1. Happy September 22, “I don’t know half of you half as well as I should like, and I like less than half of you half as well as you deserve.” This year, the Ringbearers’ birthday is also the autumnal equinox — so a blessed holiday to all my Pagan friends.
2. Margaret Mary Vojtko was a teacher, a French professor at Duquesne University for 25 years. She died recently at the age of 83, in poverty. Daniel Kovalik and Abby Zimet both note, correctly, that Vojtko’s sad story highlights the need for unions to fight for better working conditions for adjunct professors, who tend to be overworked and underpaid despite their essential contribution to the money machine of higher education.
William Lindsey also notes that Duquesne is a Catholic institution. The next time you hear someone argue that government shouldn’t be providing a safety net because churches and charities are exclusively responsible to do so, remember Margaret Mary Vojtko.
3. Coulrophobes (you’re not wrong) should avoid this next link: Pennywise the Clown has been terrifying residents “with random appearances in the British town of Northampton.”
4. “Why Aren’t There B Batteries?” The answer depends on your ideological perspective. It could be that this is the result of industry and government working together to create standards for safety, efficiency and uniformity that improve life for consumers while providing a framework that allows innovation, technological progress and economic growth, just like industry and government are now doing with light bulbs. Or it could be that this is the result of a tyrannical government intrusion in the marketplace, trying to dictate what kind of batteries we can buy in preparation for the coming Islamo-socialist-atheist dictatorship, just like Obama started doing with light bulbs years before he was even elected president.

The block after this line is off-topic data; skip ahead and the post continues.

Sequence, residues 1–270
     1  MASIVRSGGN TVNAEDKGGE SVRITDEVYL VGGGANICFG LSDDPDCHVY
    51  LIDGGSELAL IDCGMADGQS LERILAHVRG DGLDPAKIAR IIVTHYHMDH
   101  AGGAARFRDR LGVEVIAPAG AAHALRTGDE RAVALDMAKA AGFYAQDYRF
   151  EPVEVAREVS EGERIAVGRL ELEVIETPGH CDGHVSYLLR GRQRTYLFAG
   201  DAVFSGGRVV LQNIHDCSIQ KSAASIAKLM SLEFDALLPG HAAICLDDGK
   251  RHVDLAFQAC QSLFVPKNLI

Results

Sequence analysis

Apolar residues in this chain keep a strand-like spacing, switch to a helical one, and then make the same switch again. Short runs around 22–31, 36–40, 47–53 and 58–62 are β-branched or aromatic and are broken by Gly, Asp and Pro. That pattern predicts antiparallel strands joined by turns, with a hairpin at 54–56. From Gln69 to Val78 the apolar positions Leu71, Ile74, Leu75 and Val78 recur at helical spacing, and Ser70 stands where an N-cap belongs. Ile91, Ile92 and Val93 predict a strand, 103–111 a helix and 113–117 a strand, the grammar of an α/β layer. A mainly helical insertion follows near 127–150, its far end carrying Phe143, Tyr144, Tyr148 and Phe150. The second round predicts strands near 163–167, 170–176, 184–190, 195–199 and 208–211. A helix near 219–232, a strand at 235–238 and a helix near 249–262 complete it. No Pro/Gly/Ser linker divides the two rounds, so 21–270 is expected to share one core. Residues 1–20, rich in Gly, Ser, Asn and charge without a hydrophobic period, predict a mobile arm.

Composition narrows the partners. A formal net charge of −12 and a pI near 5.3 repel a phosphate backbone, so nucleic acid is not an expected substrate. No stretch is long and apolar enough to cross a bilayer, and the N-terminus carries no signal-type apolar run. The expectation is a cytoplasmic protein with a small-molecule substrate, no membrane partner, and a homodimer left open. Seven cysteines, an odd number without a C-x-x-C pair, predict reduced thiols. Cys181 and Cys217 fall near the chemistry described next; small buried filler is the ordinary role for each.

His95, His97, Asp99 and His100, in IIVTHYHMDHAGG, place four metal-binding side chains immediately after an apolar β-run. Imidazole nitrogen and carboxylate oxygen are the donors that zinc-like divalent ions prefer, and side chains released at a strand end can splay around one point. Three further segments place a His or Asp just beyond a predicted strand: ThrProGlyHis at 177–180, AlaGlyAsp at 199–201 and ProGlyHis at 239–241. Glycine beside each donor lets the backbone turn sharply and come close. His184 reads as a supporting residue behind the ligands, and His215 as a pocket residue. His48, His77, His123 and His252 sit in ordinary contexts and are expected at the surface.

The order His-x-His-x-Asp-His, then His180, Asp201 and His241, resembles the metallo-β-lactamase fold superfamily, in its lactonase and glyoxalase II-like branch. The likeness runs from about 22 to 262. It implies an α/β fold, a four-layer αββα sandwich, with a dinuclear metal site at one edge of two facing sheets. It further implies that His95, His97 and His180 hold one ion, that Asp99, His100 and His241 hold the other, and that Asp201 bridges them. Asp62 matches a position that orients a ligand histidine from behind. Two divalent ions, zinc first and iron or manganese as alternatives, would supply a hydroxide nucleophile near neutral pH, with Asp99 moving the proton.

5. Here’s a fun conversation/argument-starter from Two Friars and a Fool: “3 texts we would ADD to the canon.” Nick suggests the Didache — an early Christian text it’s surprising isn’t already part of the New Testament. Doug bids for The Lord of the Rings, which I’d make fun of him for if today were not Bilbo’s birthday (I don’t want to think about what Ken Ham would make of Tom Bombadil). And Aric settles on George MacDonald’s sermon “Justice,” which I’m now going to have to read, since two of his other candidates — The Journal of John Woolman and Martin Luther King Jr.’s “Letter From a Birmingham Jail” — are already a part of the canon as far as I’m concerned.
There’s no deadline for submitting your own video testimony, if you’re a Christian who does not believe being gay is a sin and you’re willing to stand up and say so.